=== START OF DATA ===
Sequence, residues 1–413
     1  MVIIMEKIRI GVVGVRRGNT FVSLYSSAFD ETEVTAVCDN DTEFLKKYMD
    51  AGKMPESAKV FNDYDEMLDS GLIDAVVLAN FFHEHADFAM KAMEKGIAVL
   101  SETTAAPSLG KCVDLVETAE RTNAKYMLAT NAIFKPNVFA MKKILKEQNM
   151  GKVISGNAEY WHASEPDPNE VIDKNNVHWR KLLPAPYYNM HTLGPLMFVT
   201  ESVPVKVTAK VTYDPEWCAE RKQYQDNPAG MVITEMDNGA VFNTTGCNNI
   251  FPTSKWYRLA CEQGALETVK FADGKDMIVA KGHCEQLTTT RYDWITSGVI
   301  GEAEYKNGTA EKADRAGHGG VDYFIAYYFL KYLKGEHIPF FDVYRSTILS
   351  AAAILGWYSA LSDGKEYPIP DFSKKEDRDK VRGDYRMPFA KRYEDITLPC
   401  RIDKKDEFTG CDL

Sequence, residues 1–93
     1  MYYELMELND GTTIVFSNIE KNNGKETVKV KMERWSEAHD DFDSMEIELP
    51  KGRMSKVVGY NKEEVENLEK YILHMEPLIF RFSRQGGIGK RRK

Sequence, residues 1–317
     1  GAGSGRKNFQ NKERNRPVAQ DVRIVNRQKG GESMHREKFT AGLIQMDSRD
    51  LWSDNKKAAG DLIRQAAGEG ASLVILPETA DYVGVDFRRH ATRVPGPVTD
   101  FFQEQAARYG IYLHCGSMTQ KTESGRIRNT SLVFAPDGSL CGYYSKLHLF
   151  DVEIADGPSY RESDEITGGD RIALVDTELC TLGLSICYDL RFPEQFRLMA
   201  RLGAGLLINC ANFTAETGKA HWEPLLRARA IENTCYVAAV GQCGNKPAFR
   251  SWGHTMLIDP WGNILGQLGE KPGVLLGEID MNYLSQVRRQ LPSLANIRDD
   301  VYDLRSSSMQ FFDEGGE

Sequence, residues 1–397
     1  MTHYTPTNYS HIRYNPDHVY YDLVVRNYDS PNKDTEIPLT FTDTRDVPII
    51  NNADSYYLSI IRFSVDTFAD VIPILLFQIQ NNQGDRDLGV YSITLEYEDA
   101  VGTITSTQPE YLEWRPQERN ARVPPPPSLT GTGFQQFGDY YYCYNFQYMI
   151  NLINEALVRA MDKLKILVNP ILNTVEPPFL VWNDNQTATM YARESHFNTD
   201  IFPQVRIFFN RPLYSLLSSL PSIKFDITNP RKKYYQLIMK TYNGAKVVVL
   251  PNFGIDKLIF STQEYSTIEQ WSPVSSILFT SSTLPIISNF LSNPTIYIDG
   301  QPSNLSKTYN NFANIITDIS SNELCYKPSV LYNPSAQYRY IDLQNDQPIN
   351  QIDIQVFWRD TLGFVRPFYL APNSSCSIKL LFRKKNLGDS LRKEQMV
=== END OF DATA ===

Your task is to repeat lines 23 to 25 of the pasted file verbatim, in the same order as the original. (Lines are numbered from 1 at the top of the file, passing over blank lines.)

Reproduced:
     1  MTHYTPTNYS HIRYNPDHVY YDLVVRNYDS PNKDTEIPLT FTDTRDVPII
    51  NNADSYYLSI IRFSVDTFAD VIPILLFQIQ NNQGDRDLGV YSITLEYEDA
   101  VGTITSTQPE YLEWRPQERN ARVPPPPSLT GTGFQQFGDY YYCYNFQYMI